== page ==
On Sunday, Iraqi Prime Minister Haider al-Abadi declared a new offensive to liberate Tikrit from the self-proclaimed Islamic State. From this order, the Iraqi Security Force (ISF) and the powerful Popular Mobilization Force, which consists of thousands of Shia militiamen, swiftly advanced on the city from five different sides.
In the fight against IS, the battle for Tikrit is highly symbolic. Since June 2014, IS has controlled the city, only 180 kilometers from Baghdad. There have been several failed attempts to retake the city. According to Abadi, this time is “the last chance” for the local Sunni tribal fighters to realign themselves with pro-government forces and flush IS out of Iraq. This is also perceived to be one of Abadi’s last chances to prove his leadership ability as Commander in Chief.
Tikrit holds historical significance. Its village of Ouija was former Iraqi President Saddam Hussein’s hometown. During his reign, the people of Tikrit were privileged. This was overturned in 2003, when the long-favored Sunni group began to feel it was an oppressed minority in a Shia-led and Iranian-backed country. Former Prime Minister Nouri al-Maliki’s centralization policies further disenfranchised the Sunni tribes in Tikrit. The Islamic State’s leadership, realizing this resentment, moved into Tikrit, where it was welcomed by some Sunni tribal elements.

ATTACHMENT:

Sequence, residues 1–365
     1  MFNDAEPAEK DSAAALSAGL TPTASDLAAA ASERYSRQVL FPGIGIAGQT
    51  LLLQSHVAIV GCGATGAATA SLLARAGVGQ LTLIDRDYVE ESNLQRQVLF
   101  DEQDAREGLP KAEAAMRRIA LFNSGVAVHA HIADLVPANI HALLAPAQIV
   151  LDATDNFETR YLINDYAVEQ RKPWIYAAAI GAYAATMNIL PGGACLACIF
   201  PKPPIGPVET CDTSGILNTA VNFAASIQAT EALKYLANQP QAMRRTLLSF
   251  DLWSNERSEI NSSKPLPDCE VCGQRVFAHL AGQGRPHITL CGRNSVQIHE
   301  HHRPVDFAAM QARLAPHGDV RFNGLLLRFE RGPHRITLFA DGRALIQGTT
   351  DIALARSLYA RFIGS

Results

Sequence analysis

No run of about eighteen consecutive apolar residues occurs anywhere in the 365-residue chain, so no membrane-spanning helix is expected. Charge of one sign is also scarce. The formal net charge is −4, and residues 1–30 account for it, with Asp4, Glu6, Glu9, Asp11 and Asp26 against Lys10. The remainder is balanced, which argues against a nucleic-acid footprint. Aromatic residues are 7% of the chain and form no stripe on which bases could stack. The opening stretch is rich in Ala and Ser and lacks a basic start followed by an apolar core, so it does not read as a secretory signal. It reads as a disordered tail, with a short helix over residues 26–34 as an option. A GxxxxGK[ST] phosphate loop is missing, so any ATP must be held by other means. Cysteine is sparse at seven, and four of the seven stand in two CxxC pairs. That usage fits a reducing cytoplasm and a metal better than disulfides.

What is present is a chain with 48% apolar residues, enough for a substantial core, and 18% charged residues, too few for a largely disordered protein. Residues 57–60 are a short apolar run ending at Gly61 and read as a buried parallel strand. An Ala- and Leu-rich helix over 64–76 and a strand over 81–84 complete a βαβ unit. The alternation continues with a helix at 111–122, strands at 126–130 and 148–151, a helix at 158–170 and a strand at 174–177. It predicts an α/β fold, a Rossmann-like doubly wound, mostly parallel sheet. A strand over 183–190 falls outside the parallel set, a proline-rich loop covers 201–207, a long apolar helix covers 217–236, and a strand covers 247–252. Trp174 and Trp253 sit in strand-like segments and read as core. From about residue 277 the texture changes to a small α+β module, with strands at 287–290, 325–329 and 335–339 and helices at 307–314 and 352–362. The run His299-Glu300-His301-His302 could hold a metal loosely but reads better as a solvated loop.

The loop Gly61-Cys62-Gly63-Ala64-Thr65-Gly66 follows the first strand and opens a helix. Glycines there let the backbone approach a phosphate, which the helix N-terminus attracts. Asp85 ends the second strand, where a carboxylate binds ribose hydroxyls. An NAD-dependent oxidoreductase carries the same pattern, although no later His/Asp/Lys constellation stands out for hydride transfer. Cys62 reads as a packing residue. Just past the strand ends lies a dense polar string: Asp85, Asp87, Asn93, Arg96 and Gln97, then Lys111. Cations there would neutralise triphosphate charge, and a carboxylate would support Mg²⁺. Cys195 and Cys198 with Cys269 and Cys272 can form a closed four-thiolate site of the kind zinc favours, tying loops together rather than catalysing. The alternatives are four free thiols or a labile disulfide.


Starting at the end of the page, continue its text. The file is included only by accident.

This honeymoon phase is now long over. The group’s inability to provide basic services, such as electricity and water, has not boded well for the city’s residents, who are now seeking alternatives.
Retaking Tikrit is an important step in the Iraqi government’s attempt to reclaim sovereignty. So close to Baghdad, its occupation by IS and Iraqi Sunni fighters, such as the Naqshbandia Order, a group filled with former Ba’athists, threatens Iraq’s security and symbolizes Baghdad’s institutional weakness.
Retaking Tikrit from the Islamic State is a symbolic step to the much larger campaign of regaining Sunni trust in Iraq. This is the political solution necessary for driving IS out. The Sunni tribes from all over Iraq are carefully watching the conduct of the Shia militias, which they despise. Many of the Shia fighters, traumatized by the massacre at Camp Speicher where IS executed some 1500 Shia ISF air cadets, may be seeking revenge. Yet, an important trust-building sign in the battle for Tikrit will be for the ISF and Shia fighters to drive IS out and restore autonomy to the local groups, without targeting Iraqi Sunnis extra-legally in acts of revenge. Abadi’s pardon to IS collaborators is an important step.
Finally, if trust is regained in a successful offensive on Tikrit, the much anticipated and greater battle for Mosul will become easier, and will happen sooner rather than later.